ODA, on the other hand, is proprietary technology (like AIT) and dependent on Sony continuing to fund its R&D program.  What will customers do in the future if Sony decides to suspend or cease ODA development, as it once did with AIT tape? There is no other alternative whereas for LTO there are many competing offers in the market place. Furthermore, the convergence of Enterprise and LTO Ultrium tape technologies arguably secures ongoing tape manufacturing for the foreseeable future. I don’t believe that one could say the same is true for ODA, at least not with anything like the same degree of confidence.  

Generally speaking, competition means lower prices. LTO is a competitive, open standard market. ODA isn’t. Once the customer buys ODA, they are locked into a proprietary solution and dependent on a single vendor with respect to pricing, upgrade terms and roadmap delivery. 

Performance matters

Although archive data may not be accessed frequently, it still needs to be stored in the first place and large scale data archiving needs careful structuring to avoid network overhead and disruption. The transfer rate of 250 MB/sec for ODA is quite slow versus LTO-7 today and very slow compared to LTO in the future.  Tape excels at streaming huge quantities of data.

The next publicly communicated iteration of ODA is proposed to increase performance to around 375 MB/sec when it reaches 3Gbps. In comparison, LTO-9 is projected to have 708 MB/sec and LTO-10 is proposed to have 1,100 MB/sec, nearly 3X the speed and thus a 3X advantage in terms of reducing archival windows.  

Furthermore, the LTO Ultrium format supports AES-256 hardware-based encryption, which means data can archived and secured ‘on the fly’ without the need for either encryption software or a secondary (more cost) appliance.

How durable?

There is not much to choose between tape and ODA when the rubber hits the road. Sony publishes the following information.

  • Operating Environment - 41°F to 131°F (5°C to 55°C)
  • Storage Temperature/ Humidity - 14°F to 131°F (-10°C to +55°C) / 3% to 90% RH (Short term Transportation condition)
  • 50°F to 86°F (10°C to 30°C) / 30% to 70% RH (Long term Recommended)

And here are the environmental parameters recommended for LTO Ultrium: 

  • Operating Temperature 50 °F to 113 °F (10 °C to 45 °C)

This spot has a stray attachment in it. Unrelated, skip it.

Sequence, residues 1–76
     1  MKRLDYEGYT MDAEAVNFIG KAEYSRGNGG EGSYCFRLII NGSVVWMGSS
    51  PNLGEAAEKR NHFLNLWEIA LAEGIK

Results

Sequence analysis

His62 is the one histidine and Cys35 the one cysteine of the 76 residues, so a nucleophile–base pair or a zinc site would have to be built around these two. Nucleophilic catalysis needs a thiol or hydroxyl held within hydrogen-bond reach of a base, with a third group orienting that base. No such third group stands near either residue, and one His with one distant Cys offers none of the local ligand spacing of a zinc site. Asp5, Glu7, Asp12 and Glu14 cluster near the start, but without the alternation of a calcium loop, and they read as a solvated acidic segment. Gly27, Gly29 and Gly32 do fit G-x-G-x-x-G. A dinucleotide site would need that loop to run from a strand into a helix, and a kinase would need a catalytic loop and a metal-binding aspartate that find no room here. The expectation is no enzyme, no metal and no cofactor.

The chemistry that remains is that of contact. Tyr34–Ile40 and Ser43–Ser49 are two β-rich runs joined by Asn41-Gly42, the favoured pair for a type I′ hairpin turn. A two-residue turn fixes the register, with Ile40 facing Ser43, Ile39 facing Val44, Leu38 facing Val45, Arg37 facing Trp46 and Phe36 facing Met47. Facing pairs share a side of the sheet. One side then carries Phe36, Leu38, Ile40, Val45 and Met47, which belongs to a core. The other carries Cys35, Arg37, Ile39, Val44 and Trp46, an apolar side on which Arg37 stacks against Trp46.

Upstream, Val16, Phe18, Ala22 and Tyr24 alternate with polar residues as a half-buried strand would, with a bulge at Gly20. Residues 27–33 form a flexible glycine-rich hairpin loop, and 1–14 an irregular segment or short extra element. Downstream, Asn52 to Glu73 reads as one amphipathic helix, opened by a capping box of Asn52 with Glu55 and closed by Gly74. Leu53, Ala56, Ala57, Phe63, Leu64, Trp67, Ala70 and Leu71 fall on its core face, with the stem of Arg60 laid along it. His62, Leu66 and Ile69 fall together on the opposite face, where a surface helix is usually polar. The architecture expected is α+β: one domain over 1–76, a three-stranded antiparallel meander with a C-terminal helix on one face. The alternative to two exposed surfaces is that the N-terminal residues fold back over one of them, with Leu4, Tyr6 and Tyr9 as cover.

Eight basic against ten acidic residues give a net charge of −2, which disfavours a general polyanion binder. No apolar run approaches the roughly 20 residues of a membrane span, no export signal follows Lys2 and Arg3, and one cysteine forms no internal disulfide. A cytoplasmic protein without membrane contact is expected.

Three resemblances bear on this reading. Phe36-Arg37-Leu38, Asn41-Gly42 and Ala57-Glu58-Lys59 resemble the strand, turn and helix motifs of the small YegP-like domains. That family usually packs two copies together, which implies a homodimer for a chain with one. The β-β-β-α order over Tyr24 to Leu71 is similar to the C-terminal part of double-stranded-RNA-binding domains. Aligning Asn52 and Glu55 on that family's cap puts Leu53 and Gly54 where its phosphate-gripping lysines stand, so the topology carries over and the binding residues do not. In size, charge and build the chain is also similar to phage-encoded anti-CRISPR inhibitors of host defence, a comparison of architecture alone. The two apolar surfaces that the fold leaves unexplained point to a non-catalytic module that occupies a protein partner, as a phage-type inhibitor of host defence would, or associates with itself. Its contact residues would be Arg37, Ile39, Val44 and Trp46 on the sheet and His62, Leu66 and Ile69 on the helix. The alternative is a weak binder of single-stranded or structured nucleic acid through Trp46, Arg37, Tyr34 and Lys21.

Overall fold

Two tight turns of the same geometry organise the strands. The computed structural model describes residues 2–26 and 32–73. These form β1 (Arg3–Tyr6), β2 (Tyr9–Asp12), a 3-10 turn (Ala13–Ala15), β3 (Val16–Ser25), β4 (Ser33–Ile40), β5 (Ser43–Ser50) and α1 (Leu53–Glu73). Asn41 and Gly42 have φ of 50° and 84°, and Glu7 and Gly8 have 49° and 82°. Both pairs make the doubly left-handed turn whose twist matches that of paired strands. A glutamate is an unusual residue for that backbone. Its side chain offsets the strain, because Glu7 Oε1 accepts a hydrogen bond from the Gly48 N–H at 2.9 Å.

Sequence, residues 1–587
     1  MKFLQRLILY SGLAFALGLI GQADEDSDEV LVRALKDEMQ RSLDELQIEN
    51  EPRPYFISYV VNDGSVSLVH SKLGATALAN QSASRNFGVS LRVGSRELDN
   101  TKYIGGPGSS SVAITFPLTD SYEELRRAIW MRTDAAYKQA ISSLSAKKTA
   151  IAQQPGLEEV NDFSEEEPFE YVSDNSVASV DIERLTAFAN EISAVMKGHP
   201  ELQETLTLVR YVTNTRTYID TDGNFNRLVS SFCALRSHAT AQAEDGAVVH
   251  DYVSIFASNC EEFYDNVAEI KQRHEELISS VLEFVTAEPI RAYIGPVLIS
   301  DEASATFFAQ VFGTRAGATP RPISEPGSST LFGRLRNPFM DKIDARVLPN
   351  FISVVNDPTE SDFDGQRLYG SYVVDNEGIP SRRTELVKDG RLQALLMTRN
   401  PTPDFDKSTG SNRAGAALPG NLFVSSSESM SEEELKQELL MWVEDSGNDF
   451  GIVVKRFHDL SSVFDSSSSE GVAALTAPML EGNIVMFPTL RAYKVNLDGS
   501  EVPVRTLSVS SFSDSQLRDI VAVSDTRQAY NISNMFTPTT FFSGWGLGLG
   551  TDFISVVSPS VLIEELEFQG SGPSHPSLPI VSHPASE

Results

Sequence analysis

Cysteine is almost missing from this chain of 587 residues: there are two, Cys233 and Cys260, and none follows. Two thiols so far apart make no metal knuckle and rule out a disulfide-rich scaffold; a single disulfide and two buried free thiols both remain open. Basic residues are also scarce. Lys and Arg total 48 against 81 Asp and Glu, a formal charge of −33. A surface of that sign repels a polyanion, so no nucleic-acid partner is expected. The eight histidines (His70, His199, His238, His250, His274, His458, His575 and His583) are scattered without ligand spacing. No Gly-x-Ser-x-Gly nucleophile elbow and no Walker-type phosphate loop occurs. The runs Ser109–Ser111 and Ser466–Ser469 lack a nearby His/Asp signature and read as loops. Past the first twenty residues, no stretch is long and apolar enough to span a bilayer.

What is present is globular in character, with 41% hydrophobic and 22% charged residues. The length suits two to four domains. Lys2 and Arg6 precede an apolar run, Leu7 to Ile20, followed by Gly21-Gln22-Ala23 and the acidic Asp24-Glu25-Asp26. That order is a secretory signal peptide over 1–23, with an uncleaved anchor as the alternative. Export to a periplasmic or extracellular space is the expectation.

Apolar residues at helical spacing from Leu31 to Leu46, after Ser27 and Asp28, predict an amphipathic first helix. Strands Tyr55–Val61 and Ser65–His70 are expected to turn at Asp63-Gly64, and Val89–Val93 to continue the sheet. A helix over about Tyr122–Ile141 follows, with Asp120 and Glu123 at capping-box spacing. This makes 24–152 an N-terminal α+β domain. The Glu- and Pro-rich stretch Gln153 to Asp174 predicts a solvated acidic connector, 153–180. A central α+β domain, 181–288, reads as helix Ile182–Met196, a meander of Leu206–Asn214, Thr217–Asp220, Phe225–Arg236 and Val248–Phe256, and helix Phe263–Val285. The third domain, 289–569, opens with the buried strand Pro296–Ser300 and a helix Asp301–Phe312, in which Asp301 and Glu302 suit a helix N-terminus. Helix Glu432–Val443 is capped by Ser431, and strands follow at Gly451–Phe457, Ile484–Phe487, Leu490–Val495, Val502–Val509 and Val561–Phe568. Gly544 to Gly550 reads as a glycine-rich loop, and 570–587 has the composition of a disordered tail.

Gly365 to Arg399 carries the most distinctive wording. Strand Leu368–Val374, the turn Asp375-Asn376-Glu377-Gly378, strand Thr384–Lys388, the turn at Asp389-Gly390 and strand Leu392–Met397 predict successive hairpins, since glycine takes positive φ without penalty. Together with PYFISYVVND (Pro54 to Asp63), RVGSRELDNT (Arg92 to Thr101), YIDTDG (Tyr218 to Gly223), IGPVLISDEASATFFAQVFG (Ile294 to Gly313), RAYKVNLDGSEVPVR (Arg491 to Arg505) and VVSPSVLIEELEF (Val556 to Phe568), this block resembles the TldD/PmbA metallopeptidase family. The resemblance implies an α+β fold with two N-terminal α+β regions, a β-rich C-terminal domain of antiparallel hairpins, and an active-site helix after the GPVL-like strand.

• Day to Day Storage Temperature 60 °F to 90 °F (16 °C to 32 °C)
  • Long Term Storage Temperature – Ambient 41 °F to 73 °F (5 °C to 23 °C)
  • Long Term Recommended Humidity - 20% to 60%

Tape storage seems to be more durable in lower recommended temperatures and humidities, ODA gives you equivalent “margin’” at higher temperatures and humidities.

In reality, ANY storage media, optical or tape, will ideally be kept in a cool, stable environment so there does not seem to be a lot to choose between the “long-term recommended” values for ODA above versus LTO tape.

In the end, it’s hard to see past the fact that tape technology has the support of a much greater number of major IT vendors and, on paper, a colossal advantage in terms of TCO. 

Once you factor in the costs of buying sufficient quantities of media to cope with spiraling increases in the amount of data to be archived, the benefit of LTO Ultrium tape over Optical Disk archive seems quite compelling unless you have a very specific need for very long term data retention on the original archival media and/or a particularly demanding (hot, humid) environment in which to store the media.

Andew Dodd.jpg

Meet Around the StorageBlock blogger Andrew Dodd, Worldwide Marcom Manager, HPE Storage Supplies. @tapevine





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Others agreed, but according to the ambient environment requirement, it is obvious optical disk is more durable and requires less maintenance than tape.